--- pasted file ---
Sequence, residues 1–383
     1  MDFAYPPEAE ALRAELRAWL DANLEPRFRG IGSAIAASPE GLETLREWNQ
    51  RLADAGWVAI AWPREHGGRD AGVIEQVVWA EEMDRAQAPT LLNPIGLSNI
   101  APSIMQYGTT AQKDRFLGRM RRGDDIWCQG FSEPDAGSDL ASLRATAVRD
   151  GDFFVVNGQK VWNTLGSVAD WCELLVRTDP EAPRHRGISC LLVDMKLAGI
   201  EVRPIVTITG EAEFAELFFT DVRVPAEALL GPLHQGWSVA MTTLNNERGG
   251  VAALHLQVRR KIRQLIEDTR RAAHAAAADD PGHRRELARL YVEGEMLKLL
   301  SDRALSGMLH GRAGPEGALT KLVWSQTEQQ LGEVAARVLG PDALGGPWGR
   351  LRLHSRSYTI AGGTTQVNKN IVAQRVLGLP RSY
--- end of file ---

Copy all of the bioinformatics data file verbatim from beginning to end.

Sequence, residues 1–383
     1  MDFAYPPEAE ALRAELRAWL DANLEPRFRG IGSAIAASPE GLETLREWNQ
    51  RLADAGWVAI AWPREHGGRD AGVIEQVVWA EEMDRAQAPT LLNPIGLSNI
   101  APSIMQYGTT AQKDRFLGRM RRGDDIWCQG FSEPDAGSDL ASLRATAVRD
   151  GDFFVVNGQK VWNTLGSVAD WCELLVRTDP EAPRHRGISC LLVDMKLAGI
   201  EVRPIVTITG EAEFAELFFT DVRVPAEALL GPLHQGWSVA MTTLNNERGG
   251  VAALHLQVRR KIRQLIEDTR RAAHAAAADD PGHRRELARL YVEGEMLKLL
   301  SDRALSGMLH GRAGPEGALT KLVWSQTEQQ LGEVAARVLG PDALGGPWGR
   351  LRLHSRSYTI AGGTTQVNKN IVAQRVLGLP RSY